Now think of your angry reaction to what I just wrote. Step back and look at it. DId I say anything evil? This good news is absolutely incontrovertible. Moreover, you are wrong that there is more starvation. There is less. So why the hatred of good news?

Simple. The liberal mantra is that if we admit good news (like America's near-total victory over its own old habits of racism) then we will lose all incentive to do more and finish the job. What baloney.

One of the absolute loony-insanities of the left is its fixation on guilt as the only possible motivator-driver for trying hard to make a better world.

Do you see me letting up the pressure to save the world??? Or pausing even a moment from denouncing those who want to plunge us back into feudalism?

The absolute determination of the left never to admit that good things have happened is their own style of hypocrisy. Think about it! If none of their earlier reforms worked at all, why should we buy any more of their product!

How much better a sales pitch it would be to say "Look at how WELL all those earlier liberal reforms worked! We achieved miracles! Racism and sexism are pale shadows of their former selves! All that money paid on universities and public schools have lifted millions to untold independence and knowledge and affluence! Our methods work! So let's use them to finish the job!"

And finish it we must. Because a world filled with 5 billion middle class people will destroy itself, if those 5 billion consume resources at the American rate. NEW liberal goals, like energy sustainability, will be needed in order to get the rest of the way across this gap!

Compare these two approaches, one of them a never-ending SNARL of carping, never giving the average citizen any credit. Versus the other approach, an ebullient song of PRAISE for modernist-pragmatist problemsolving, praising our citizens, encouraging them to be CONFIDENT and not let fascists talk them into being afraid.

No, the standard dour-sourpuss lefty rant will NOT help in this situation. We have got to embrace the good news and use it as a weapon, to show that there is hope. And that the monsters will not win by driving us into a world of secrecy and lies and tyranny, by whipping us with fear.

Robert said...

Aren't perceptions interesting?

Toronto, where I live, has had 78 murders this year, among nearly 3 million people. New York has had 528 among 8 million people. Yet CNN broadcasters warn Americans that Toronto is dangerous when in fact we are safer than New York. We had the same problem during SARS, when a tourist stood more chance of being shot in Miami than catching SARS in Hong Kong.

Now, I know CNN doesn't have a reputation as a particularly reliable news source, but it's certainly galling to see them label as a "crime spree" a murder rate that would be hailed as a policing success in major American cities.

(Not that we don't have a problem. The neoconservative cuts to social programs in the last decade coupled with smuggled American handguns -- the majority of our murder weapons -- have left us some problems to deal with. But lets see some perspective here!)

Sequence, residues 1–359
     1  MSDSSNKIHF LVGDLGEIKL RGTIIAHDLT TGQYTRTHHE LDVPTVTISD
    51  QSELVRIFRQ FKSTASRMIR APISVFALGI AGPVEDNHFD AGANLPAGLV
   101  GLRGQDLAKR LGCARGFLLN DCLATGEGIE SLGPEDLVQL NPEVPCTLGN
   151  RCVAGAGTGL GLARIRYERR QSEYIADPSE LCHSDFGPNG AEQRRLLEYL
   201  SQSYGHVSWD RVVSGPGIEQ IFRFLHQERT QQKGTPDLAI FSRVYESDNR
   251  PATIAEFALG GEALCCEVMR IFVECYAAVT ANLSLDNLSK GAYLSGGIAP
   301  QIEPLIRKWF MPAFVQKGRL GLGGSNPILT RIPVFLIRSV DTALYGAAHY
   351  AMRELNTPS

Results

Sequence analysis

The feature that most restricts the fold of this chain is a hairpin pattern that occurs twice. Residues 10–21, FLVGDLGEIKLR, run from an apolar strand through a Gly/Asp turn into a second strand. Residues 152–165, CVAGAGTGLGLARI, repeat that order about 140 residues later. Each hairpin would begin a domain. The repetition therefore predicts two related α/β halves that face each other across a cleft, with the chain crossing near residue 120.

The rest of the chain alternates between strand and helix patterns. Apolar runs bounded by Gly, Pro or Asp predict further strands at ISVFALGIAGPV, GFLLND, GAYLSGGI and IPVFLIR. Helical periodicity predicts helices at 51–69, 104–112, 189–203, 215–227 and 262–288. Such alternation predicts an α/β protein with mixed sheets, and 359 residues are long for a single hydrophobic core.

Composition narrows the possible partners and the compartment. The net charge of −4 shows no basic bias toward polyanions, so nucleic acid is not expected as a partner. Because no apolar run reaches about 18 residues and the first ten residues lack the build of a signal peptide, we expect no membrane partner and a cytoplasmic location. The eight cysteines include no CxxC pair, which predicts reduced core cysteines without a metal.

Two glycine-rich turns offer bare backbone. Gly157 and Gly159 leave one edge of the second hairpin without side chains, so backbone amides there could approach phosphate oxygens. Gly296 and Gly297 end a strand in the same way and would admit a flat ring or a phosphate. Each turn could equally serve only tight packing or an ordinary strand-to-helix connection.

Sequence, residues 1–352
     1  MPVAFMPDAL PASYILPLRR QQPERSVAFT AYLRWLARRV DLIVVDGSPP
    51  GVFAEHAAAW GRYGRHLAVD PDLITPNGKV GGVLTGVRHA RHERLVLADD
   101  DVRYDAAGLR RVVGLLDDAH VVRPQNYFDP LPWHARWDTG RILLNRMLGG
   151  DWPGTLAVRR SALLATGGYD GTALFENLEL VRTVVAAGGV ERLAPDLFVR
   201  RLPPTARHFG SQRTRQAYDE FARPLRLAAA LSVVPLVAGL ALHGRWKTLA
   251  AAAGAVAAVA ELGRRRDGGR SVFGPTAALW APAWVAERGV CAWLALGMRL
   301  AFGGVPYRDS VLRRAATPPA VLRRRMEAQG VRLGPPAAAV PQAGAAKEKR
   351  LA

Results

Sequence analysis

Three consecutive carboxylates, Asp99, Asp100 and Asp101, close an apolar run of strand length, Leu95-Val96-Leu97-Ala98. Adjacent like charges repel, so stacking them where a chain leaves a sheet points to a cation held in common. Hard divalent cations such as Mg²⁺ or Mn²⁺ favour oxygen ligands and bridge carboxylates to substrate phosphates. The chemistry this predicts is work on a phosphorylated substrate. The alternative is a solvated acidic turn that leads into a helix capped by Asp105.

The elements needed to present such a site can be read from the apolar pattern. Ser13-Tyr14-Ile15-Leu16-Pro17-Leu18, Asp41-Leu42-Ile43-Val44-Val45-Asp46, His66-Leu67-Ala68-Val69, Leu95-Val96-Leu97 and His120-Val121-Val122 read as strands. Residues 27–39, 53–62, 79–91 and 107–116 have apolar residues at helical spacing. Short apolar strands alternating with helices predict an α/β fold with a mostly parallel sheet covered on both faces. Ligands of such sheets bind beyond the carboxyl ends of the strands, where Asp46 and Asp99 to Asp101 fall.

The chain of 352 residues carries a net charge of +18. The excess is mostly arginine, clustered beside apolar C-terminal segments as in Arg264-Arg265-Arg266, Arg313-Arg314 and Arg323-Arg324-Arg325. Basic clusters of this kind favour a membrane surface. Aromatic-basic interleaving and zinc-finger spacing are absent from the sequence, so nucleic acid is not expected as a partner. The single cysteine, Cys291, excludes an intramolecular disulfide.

Rob Perkins said...

David, one day your OS 9 Mac will die, and then that '86 copy of WordPerfect (which *was* an absolute dream) will die with it, because I'm pretty sure Apple won't fix 'em any more. Please be prepared for that.

My wife uses a 2004 copy of WordPerfect 11, which, I can say by way of direct comparison, is much easier to use than Word 2003. And, it's still available, even if it is supplied and supported by an absolutely noxious company.

(They're all noxious, anymore. You should see what *developers* have to go through to get help with the arcane minutiae related to something as "simple" as a software installation program. In comparison, Microsoft is a dreamcometrue. As long as you pony $2500/year.)

Windows itself is down from 10,000 horrors (stemming from reliance on backwards compatibility) to just a couple hundred.

On a tangential other topic, you talk about racism as a shadow of its former self. I agree that the social consequences of being in a minority race are vastly diminished, compared to just 25 years ago.

But I don't think the *ideas* of racisms, the underlying memes, are at all gone. Government still asks and delineates, and a palpable howl arises when people start talking about dismantling things like affirmative action (itself a program benefiting people on the basis of race)

It might even be a worthy example of the sort of malaise David says affects the "Left" in the U.S.

Personally, when someone asks me, I generally answer "American" (which is what I've written in bold sharpie across those questions on all my kids' birth certificate applications; I'm not Caucasian, for crying out loud...). Gave the Red Cross blood donation interviewer fits when I refused to give her a race which was on her list.

Genius said...

The fear of terrorism is not the fear of what they can do now but instead the fear of the future and the fear of the fear itself.

Another major building in the USA is expendable in itself a tiny event in the world - but other things are not

1) The reaction
2) the future of terrorism (i.e. while death by murder or starvation has "limits" terrorism could easily blow out of control in the same way war in general might.

> And finish it we must.

Can we indeed finish this with the current model of relative freedom? It is not well designed for rapid and painful change in response for problems that are not clearly defined. This is a risk we take.

Michael's unaccountable world government seems the thing that could solve that problem even if it is one of the disasters (and a considerable risk) itself.

Michael,

> ordinary wars between great powers that we don't have to worry about much any more.

I think this is bit premature... You dont have to worry abut it - in the current balance of power.